Swedish developer Starbreeze apparently enjoys a challenge. In a time when the market is saturated with crappy games based on big franchises from other media (primarily film and comic books), Starbreeze takes smaller licensed properties and makes them better than their source material. Their last game was The Chronicles of Riddick: Escape From Butcher Bay, an excellent game that drastically improved upon the rather putrid Riddick movie. Their latest game is The Darkness, which is based upon the somewhat cheesy comic book series published by Top Cow.
The Darkness begins with a fantastically cinematic car chase through a New York City tunnel as the credits roll. You play as young mob hit man Jackie Estacado, who starts the scene passed out in the back seat. You and two of your henchmen are being pursued by cops as you race to a construction site to take out the foreman. As you slowly rouse, you can look around to watch the action, but can’t yet do anything. When you get to the construction site, one of the mobsters in the front seat tosses you a shotgun and you can start taking out the construction workers, who apparently know you’re coming because they’re all shooting back. This opening sequence ends with your car smashing through the end of the tunnel, with one of your henchmen dead and the other mortally wounded. He gives you a gun and sends you off to finish the job. This is as exciting an opening scene as you will find in most Hollywood action movies.
Early on in the game, a supernatural presence makes itself known to you. This is the Darkness, and you spend most of the game learning what it is and how you and, it turns out, your family have come to be cursed by it. In an interesting twist, you end up using the very powers the Darkness gives you to find a way to rid yourself of this parasitic evil. The Darkness is presented in a very effective, creepy way. It speaks to you in a heavily processed voice and although what it says to you is often cryptic, it can really get to you. The things it asks of you challenge your sense of morality, even as a mob hit man. And even though the powers it gives you protect you from all manner of otherwise mortal danger, Jackie never really feels comfortable using them.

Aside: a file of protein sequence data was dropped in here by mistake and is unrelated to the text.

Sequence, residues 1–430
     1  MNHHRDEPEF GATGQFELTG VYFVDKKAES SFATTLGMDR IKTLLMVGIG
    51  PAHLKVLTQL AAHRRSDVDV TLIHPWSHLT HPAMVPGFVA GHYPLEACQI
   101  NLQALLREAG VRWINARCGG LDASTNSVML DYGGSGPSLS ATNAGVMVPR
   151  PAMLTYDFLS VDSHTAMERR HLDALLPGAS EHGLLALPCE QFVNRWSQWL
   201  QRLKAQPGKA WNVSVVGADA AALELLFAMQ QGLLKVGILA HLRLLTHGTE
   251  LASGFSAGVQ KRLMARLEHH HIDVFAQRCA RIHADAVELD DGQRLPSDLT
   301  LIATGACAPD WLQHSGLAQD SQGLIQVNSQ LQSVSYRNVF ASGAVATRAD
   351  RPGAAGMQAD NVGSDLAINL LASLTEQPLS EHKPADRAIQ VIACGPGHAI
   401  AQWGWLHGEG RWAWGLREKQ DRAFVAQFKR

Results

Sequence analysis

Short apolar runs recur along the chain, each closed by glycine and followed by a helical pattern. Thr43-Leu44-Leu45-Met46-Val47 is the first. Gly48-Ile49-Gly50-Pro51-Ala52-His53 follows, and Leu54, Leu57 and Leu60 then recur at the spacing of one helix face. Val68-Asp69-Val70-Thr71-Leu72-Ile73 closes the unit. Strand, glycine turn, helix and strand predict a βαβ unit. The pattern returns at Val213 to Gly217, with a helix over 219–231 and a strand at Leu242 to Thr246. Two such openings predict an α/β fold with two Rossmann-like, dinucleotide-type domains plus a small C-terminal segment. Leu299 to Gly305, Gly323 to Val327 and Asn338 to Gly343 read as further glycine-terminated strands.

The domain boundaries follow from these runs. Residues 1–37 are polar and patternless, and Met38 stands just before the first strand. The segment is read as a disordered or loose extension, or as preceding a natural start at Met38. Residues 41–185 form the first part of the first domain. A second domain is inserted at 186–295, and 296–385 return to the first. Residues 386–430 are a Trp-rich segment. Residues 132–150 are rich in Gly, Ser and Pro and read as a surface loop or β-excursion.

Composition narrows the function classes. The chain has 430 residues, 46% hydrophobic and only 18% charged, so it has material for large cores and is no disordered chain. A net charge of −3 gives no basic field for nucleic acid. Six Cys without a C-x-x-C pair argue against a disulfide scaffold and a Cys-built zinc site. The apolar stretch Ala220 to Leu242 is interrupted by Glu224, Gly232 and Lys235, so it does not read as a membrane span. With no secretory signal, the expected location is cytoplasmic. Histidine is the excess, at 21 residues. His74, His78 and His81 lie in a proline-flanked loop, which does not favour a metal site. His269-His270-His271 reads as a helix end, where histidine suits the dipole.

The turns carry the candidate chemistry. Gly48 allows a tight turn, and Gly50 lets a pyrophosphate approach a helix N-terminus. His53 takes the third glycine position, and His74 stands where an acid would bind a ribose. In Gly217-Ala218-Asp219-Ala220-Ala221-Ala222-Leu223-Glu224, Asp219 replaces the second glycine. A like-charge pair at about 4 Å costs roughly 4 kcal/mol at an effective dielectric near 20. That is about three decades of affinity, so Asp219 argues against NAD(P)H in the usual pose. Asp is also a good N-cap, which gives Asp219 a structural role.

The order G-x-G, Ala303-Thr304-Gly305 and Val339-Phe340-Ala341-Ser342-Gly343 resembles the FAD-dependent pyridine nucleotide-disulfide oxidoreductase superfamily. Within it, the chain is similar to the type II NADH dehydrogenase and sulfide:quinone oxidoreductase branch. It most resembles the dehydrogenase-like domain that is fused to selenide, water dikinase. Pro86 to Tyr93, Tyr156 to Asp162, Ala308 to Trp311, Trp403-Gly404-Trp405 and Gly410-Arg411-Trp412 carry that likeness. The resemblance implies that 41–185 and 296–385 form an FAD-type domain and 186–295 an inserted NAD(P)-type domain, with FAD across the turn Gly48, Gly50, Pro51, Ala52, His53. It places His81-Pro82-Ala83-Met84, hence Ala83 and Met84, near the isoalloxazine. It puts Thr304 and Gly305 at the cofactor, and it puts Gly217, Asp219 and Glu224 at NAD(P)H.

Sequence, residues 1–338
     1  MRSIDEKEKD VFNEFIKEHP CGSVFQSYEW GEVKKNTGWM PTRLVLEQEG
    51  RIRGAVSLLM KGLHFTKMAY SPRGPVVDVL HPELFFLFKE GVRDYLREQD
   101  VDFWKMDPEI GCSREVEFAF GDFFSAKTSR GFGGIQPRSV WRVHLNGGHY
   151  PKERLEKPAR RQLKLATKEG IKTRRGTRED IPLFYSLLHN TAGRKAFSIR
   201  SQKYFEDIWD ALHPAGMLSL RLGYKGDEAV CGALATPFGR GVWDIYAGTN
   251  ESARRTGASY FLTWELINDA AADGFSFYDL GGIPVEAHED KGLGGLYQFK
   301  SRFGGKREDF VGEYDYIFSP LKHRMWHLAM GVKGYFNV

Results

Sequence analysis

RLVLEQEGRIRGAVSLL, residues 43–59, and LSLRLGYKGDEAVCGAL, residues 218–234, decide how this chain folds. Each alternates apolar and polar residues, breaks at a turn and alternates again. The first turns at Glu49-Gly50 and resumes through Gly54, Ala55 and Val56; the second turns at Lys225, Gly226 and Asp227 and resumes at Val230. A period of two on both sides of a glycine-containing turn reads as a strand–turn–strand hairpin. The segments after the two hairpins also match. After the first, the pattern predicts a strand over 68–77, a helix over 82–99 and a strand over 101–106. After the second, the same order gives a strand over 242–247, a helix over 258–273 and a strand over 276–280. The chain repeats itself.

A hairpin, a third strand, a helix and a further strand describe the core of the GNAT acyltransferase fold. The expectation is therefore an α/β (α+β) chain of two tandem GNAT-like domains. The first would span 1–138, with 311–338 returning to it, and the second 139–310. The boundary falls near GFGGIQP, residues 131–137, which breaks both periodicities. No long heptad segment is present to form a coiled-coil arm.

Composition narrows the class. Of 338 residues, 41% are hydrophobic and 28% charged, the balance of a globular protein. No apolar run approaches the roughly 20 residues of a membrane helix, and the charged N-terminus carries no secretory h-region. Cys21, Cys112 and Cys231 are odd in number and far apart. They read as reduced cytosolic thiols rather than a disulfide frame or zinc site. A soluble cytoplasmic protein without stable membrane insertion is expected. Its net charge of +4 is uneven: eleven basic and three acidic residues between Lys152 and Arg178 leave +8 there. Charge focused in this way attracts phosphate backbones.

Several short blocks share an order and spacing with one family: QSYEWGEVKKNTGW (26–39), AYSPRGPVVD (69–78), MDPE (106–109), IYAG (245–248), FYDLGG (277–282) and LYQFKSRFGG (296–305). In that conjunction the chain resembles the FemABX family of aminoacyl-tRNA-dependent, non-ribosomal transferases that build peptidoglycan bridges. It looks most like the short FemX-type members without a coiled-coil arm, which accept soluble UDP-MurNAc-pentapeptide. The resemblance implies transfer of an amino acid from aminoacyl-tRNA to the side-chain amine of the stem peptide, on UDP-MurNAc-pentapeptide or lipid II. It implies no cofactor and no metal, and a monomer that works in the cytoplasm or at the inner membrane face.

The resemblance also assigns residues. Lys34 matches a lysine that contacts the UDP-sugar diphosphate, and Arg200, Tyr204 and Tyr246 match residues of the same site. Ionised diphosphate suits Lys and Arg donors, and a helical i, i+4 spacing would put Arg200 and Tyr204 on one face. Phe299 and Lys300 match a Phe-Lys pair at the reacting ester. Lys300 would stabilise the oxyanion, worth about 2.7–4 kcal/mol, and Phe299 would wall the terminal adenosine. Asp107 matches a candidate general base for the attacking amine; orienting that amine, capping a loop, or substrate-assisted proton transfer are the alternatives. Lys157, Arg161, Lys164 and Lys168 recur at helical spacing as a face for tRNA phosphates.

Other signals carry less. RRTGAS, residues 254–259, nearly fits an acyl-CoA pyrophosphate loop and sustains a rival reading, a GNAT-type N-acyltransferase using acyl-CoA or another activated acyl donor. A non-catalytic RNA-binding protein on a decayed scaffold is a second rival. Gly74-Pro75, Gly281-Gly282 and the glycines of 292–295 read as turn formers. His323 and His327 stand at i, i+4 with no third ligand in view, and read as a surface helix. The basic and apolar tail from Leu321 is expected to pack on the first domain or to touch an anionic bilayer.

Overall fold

After the opening car chase, the story unfolds and you find yourself being pursued by your Uncle Paulie, the boss of your crime family. Paulie seems to think you’ve double-crossed him, and he’s coming for you and those you love, primarily your girlfriend, Jenny, and your feisty Aunt Sarah. These characters feature prominently in the story, even though their presence does not add to the action in any appreciable way. This is one aspect of the game that sets The Darkness apart from most action games, in that your relationships make you feel emotionally connected to the story. But lest you worry that this means there are long, boring scenes with nothing but talking, rest assured that the game is very well paced, mixing intense action sequences with slower scenes that introduce and develop the many great characters. But these slower scenes are never a bore because the writing and acting are so good that you hardly ever want to skip through them.